Entry<K, V> pollFirstEntry();
          Entry<K, V> pollLastEntry();


      See attached specdiff.


      This proposes fairly major surgery on the collections framework, and as such, it runs the risk of source and binary incompatibilities. Incompatibilities can occur in the following areas:

      (1) Name or return value clash by introduction of new methods "reversed" and add/get/remove x First/Last into a widely implemented interface hierarchy.

      (2) Covariant overrides of reversed(). I don't think this is likely to be an issue (assuming there are no name clashes with "reversed" itself), as introducing covariant overrides for newly introduced methods should be fairly safe.

      (3) (NOTE: this aspect of the design has been modified.) Covariant overrides of view methods of SequencedMap, inherited by LinkedHashMap: keySet, entrySet, and values. If subclasses overrode any of these methods, either using the current return type or a covariant override of their choice, this could lead to incompatibilities. (Indeed, the incompatibilities were such that I've moved away from this design and have not added covariant overrides. I've added new methods alongside instead. See the compatibility report for full details.)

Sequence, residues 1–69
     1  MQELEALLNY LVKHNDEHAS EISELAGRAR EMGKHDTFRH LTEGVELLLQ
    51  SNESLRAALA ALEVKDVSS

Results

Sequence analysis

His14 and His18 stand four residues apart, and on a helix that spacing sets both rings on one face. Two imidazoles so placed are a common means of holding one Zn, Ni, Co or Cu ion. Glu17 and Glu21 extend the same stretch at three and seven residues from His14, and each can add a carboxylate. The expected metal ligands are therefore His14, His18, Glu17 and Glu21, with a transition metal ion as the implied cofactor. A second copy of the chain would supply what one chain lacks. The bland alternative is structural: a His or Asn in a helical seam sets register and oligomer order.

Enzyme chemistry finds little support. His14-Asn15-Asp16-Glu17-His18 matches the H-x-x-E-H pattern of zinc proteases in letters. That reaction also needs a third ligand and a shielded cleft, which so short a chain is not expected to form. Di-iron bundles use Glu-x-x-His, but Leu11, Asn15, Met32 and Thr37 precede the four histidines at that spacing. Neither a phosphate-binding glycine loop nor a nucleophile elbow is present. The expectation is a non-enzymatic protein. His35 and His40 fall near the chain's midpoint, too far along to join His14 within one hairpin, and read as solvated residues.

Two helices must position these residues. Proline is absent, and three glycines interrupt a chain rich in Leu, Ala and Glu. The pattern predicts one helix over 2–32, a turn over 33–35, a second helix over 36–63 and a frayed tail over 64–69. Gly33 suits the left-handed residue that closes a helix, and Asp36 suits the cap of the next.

(4) New methods on SequencedMap: putFirst and putLast. There is the possibility of existing subclasses defining these methods, leading to a conflict.

      (5) Source incompatibilities with type inference. These are mainly related to the possibility of inference of new types that might clash with assumptions made by existing code written. (These don't seem very significant to me though.)

      (6) Conflicting default methods, in general. Several new default methods are being added here. If there's no conflict, an existing method might end up overriding accidentally, which is a concern. However, a class might inherit from some other method with a conflicting default method, which would be binary and source incompatible.

      (7) Conflicting default methods, in particular. The default methods here are mostly unlikely to conflict with each other, as few collections implementations inherit from more than one collection family. Indeed, this is usually illegal, as it is semantically invalid for a class to implement, say, both List and Set. However, some collections interfaces are compatible, such as List and Deque. Indeed, LinkedList implements both. (So does an internal class sun.awt.util.IdentityLinkedList.) For these classes, an override must be provided that resolves the conflict. This is mostly a source compatibility issue. It can occur with classes that implement both List and Deque. It can also occur if application code were to create an "off-label" subclass, such as one that extends LinkedHashSet and also implements List. (This is semantically invalid but it's possible that people do it anyway.)

      These issues are addressed in the attached compatibility report.


        Issue Links



              smarks Stuart Marks
              smarks Stuart Marks
              Alan Bateman, Brent Christian, Iris Clark